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Walking to remember

PLATTSBURGH - Alzheimer's disease is a brain disorder that robs millions of people of their lives each year and thousands of families of the loved ones as they once knew them. That's something Debbie Frederick of West Chazy will never forget.

Frederick lost her father, the late Douglas J. Hoffman of Mooers Forks, in August 2009 after his five-year battle with Alzheimer's. His diagnosis of the debilitating disease in 2004 came as a shock to Frederick and her family. Hoffman wasn't even at the age many would consider a senior citizen.

"He was only 62," said Frederick. "When I thought of Alzheimer's before, I didn't think I'd have to deal with it until my parents were in their 80s and 90s."

In the beginning, Frederick's father showed "very subtle signs" of the disease, she said.

"It was really difficult to differentiate between if it was really happening to him or if something else was," recalled Frederick. "He could remember the Buffalo Bills were playing on Sunday but had difficulty remembering he had to brush his teeth that day."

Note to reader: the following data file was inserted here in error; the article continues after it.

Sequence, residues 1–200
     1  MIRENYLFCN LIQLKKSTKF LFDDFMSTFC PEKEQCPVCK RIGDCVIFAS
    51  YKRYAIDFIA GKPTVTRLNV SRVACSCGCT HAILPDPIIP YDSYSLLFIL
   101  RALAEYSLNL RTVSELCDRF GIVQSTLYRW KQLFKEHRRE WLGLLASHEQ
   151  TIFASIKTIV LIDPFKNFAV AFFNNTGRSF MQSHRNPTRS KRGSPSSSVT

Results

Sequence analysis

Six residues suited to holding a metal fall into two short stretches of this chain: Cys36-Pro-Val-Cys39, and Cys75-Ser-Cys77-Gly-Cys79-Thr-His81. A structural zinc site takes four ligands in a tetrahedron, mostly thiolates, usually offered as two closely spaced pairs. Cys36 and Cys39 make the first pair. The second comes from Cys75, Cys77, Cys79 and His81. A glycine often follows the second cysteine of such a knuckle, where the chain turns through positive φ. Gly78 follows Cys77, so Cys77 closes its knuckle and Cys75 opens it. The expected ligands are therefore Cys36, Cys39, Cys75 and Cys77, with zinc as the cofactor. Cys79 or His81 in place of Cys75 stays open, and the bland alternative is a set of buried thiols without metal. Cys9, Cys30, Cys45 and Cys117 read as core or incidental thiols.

"My husband really noticed it when we were tapping for maple syrup," she continued. "Dad would get confused what the next step was even though it had been something he had been doing for the last few years."

Though her father fully understood his diagnosis when he received it, said Frederick, he would often try to compensate for it and find a way around discussing the issue.

"When he would see someone who he couldn't remember their name, he would just smile and work his way around not having to say their name," said Frederick.

Her father's condition gradually grew worse, and, in 2007, home movies captured how much Alzheimer's had taken its toll.

"My daughter was interviewing him playfully asking him how old he was and he kept joking with her," Frederick recalled. "Knowing now what he was going through, he probably really didn't know how old he was."

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